In an uncertain world, a seat at the global high table

Paper: II

Mains: General Studies- II: Governance, Constitution, Polity, Social Justice and International relations.

Context:

  • India will be back in the United Nations Security Council (UNSC) for a two-year term beginning January 1, 2021 at a critical time in the history of the UN.
  • It is hoped that by then COVID-19 will have subsided, a U.S. President will have been elected, and the contours of a new world order may have emerged.
  • India is serving for the eighth time and has a record of contributing to some of the seminal resolutions of the UNSC. As a consequence of the long debate on the expansion of the UNSC, many countries which have never served on the Council have begun to claim their turn.
  • Earlier, India, Japan, Pakistan and some others used to get elected more frequently. Compared to the retiring members, the newly elected members are more politically significant.
  • India’s reputation for taking balanced positions and consensus building will be welcomed by the other members.

Background:

  • Initially, the contest for the non-permanent seats takes place in the respective regional groups and their sub-groups. Most times a consensus candidate emerges.
  • Unlike earlier, when India, Japan, Pakistan and some others used to get elected more frequently, many countries which have never served on the Council have begun to claim their turn.
  • The candidate countries will have to next secure a two-thirds majority of the member states in the General Assembly voting.
  • Out of the 192 votes cast, India got 184. In the order of the number of votes received by each one, the countries elected were Mexico, India, Norway, Ireland and Kenya.

Key Details:

  • India will be back in the United Nations Security Council (UNSC) as a non-permanent member for a two-year term beginning January 1, 2021. India is serving for the eighth time in the UNSC.
  • India’s membership of the UNSC comes at a critical time in the history of the UN. By 2021, it is likely that COVID-19 would have subsided and the contours of a new world order may have emerged.

India’s priorities:

  • In the COVID and the post-COVID world, India will work towards a new orientation for a reformed multilateral system.
  • Counter-terrorism will be one of India’s highest priorities as a non-permanent member of the UN Security Council.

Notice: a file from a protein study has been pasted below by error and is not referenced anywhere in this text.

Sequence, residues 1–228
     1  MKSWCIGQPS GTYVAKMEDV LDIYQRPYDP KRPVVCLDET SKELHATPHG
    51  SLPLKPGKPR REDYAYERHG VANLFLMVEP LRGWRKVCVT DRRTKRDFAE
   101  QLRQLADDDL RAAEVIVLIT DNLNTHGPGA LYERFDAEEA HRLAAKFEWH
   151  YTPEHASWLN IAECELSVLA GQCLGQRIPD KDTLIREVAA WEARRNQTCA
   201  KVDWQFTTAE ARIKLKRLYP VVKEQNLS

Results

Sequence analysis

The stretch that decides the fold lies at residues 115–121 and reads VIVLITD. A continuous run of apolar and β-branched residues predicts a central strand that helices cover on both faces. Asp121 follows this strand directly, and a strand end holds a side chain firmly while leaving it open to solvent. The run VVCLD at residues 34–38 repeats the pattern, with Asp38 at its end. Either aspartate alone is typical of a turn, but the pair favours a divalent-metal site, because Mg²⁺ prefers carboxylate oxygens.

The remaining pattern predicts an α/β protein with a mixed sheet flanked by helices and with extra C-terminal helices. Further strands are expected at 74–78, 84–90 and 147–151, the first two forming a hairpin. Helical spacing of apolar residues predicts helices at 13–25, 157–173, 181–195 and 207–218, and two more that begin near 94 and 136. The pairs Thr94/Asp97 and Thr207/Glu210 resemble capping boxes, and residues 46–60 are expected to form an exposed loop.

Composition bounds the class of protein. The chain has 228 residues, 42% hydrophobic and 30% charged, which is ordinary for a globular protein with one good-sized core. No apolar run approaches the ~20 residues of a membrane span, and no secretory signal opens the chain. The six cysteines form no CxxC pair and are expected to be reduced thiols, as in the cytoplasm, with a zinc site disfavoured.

• The 9/11 terrorist attack was expected to change the outlook towards terrorism but that never materialised because of vested interests and traditional positions. The UN did not succeed in either defining terrorism or in adopting the Comprehensive Convention on International Terrorism. 

Significance for India:

  • India will have a higher profile at the UN for the next two years as the non-permanent members have a collective veto over every resolution in the Council.
  • Permanent members can prevent the adoption of resolutions by themselves, but they need at least nine votes to get a resolution passed.
  • India will also have a rare peep into the consultations chamber of the UNSC, which is closed to non-members of the Council.
  • India’s election as a non-permanent member has ignited the hope that its quest for permanent membership of the Council may succeed.

Significance for UNSC:

  • India has a record of contributing to some of the seminal resolutions of the UNSC.
  • India’s reputation for taking balanced positions and consensus building will be welcomed by the other members.

Challenges:

  • India will get involved in many issues in which it may not have any direct interest.
  • Since India does not have a veto, it shall have to proceed cautiously not to offend anyone, lest they should go against it when a matter of vital interest for the country comes up in the Council.
  • The debate on extending the permanent membership has thrown up many ideas, but till today, none of the proposals has the possibility of securing a two-thirds majority of the General Assembly and the votes of the five permanent members.
  • The permanent members are being adamant about protecting their privileged positions and also a majority of the UN members are against the privileges of the permanent members, particularly the veto being extended to new members. The opposition to the expansion is not India-specific.